This new system allows to serve both rendezvous and WebRTC servers over a proxy providing an SSL certificate. And, as everything else is compatible with https://, the whole platform could run on https://.
Plus, this removes the requirement of needing both Companion and computer to run on the same network to work.

However, @jis mentioned one thing in the summit: in corporate networks some ports may be blocked.

What WebRTC does is start a new communication workflow on a random port between a given range (not sure which one is right now).
In the screenshot, the green squares represent the port on the TURN server, and the red ones represent the port for the client.

And, as you can easily deduct, if the needed port is blocked in the network, problem :bomb:.
If not-personal networks have blocked ports, this new system will fail, making the Companion totally unusable.

Thus, even though WebRTC allows serving MIT App Inventor over https://, it has not been enabled yet because of that. That’s the reason of why there is a legacy mode on Companion too.
At Kodular, we only use the WebRTC system, because our platform is not as focused in education as MIT one.


Nice explanation @Diego :+1:


Gracias por los aportes. Probaré lo de kodular.io

Sorry for the slow response, I’m on vacation :slight_smile:.

Serving MIT App Inventor via SSL breaks “Legacy” connection mode with the MIT AI2 Companion, which is why we have no enabled it.

Before we can enable SSL I have a few more steps to do. One of which is to convert the Rendezvous server to be available over SSL (soon). Then we need to figure out what to do about people who cannot use WebRTC but can use Legacy Mode.

I hope to have an answer within a month or so. Stay tuned.


You could proxy the rendezvous server using nginx, and install the SSL certificate on nginx (which is what we have done).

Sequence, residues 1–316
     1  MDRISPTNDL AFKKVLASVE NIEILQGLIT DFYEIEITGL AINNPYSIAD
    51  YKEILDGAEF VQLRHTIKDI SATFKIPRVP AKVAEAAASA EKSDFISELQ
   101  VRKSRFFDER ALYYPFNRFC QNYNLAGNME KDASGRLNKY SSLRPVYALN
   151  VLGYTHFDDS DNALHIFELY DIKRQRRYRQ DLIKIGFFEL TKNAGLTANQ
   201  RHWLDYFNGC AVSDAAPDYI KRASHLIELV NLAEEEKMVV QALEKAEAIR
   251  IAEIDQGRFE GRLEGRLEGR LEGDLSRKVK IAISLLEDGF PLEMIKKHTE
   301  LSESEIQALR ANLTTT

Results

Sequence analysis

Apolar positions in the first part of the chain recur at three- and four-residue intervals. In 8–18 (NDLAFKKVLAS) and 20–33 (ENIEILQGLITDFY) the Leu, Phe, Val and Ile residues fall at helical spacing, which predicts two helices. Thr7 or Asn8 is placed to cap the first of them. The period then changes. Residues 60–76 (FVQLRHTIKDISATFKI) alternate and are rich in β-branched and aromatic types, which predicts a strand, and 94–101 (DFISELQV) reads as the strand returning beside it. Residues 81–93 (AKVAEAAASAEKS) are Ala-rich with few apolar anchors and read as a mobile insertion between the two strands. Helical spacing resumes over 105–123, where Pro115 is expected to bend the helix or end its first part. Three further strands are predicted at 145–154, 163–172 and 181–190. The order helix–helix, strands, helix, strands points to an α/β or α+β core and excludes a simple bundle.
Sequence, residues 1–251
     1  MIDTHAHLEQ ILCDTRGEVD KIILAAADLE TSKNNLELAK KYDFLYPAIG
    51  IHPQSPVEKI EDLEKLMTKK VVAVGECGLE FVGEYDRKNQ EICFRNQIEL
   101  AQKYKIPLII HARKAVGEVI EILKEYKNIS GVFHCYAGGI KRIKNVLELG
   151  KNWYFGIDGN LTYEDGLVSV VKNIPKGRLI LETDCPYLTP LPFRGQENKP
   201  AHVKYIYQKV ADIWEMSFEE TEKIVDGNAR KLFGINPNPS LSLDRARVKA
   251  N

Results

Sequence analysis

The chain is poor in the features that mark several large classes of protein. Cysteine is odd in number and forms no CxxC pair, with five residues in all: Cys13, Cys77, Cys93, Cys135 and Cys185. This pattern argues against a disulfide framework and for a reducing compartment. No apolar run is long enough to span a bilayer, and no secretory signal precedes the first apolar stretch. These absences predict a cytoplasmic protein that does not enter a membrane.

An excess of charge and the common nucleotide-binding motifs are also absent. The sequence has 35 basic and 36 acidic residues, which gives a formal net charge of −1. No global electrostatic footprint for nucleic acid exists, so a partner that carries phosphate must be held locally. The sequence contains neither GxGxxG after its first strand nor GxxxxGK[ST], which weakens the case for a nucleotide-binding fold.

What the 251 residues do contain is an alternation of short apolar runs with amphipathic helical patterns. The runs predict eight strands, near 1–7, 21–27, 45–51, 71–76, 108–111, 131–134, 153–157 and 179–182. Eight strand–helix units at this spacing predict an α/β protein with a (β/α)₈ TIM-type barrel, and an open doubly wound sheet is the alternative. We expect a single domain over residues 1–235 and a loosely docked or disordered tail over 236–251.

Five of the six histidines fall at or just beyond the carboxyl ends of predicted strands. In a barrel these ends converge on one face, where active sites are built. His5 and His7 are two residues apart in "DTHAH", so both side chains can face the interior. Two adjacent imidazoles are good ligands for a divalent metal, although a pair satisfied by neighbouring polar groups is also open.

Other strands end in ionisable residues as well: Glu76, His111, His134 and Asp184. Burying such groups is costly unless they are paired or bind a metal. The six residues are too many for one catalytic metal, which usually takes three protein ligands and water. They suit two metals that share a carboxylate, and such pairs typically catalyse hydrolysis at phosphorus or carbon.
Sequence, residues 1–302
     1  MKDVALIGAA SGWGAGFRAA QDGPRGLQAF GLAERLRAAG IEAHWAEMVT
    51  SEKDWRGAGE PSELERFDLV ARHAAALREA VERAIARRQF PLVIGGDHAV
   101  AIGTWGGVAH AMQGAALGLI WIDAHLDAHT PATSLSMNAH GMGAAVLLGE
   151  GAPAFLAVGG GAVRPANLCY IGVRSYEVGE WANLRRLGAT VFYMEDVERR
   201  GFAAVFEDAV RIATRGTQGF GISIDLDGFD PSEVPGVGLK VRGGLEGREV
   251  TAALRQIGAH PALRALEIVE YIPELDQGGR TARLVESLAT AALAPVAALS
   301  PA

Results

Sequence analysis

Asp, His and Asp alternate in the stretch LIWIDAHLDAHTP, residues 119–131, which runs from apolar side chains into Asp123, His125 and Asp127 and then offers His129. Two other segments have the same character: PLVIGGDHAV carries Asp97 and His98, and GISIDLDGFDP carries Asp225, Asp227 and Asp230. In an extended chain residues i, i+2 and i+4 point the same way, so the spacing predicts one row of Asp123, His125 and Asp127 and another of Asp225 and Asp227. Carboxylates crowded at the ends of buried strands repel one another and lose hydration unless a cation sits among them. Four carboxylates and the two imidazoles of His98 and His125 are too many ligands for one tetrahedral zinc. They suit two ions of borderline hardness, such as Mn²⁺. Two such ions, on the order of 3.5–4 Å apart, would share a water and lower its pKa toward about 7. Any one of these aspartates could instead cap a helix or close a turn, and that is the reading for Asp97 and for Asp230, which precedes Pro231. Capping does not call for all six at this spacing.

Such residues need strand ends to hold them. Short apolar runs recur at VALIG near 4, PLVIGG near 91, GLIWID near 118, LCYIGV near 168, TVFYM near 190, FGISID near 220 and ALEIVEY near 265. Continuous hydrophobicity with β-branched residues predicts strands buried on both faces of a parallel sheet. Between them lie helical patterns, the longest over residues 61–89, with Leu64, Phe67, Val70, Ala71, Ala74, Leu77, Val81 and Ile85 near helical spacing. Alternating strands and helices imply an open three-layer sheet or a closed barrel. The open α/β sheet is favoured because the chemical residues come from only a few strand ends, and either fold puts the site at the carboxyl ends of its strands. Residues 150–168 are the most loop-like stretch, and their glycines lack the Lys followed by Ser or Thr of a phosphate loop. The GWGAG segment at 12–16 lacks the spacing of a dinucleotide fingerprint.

If you want, I don't mind sharing the configuration file I wrote for the rendezvous server to work with SSL.

Maybe you could serve two different sites? I mean, Google App Engine allows mapping multiple domains to an app. So, enable SSL in one of them, and keep a different one without https://.
For example:

The image has been modifed using Inspect Element; of course I don't have access to it :joy:

ai2.appinventor.mit.edu would be served over https://, using WebRTC. And legacy.appinventor.mit.edu would be served over http://, using the legacy system. Just enable the Google-managed SSL security to get https:// in the desired domain.
Or if preferred, keep ai2.appinventor.mit.edu with http:// and use secure.appinventor.mit.edu or something else for https://.

Both domains would run the same app, meaning projects are the same ones, so users will not need to migrate anything. And on client side, maybe we could detect if user is connecting using the wrong protocol to warn him and/or automatically redirect him.


This is one potential solution. Of course there is a support cost involved. A lot of people using Legacy mode will have to be informed that they need to go to legacy.appinventor.mit.edu. Basically I need to add code to app inventor to detect when a connection is served over SSL and warn people attempting to use Legacy mode (I believe I can do this with a mod in replmgr.js).

Thanks for the offer of your nginx configuration. I’m already fronting the Rendezvous server with nginx and have a configuration ready. I just need to get the SSL certificate.



I’m marking this thread as resolved, not because it is, but because we have plans to address this issue, but it may be a while…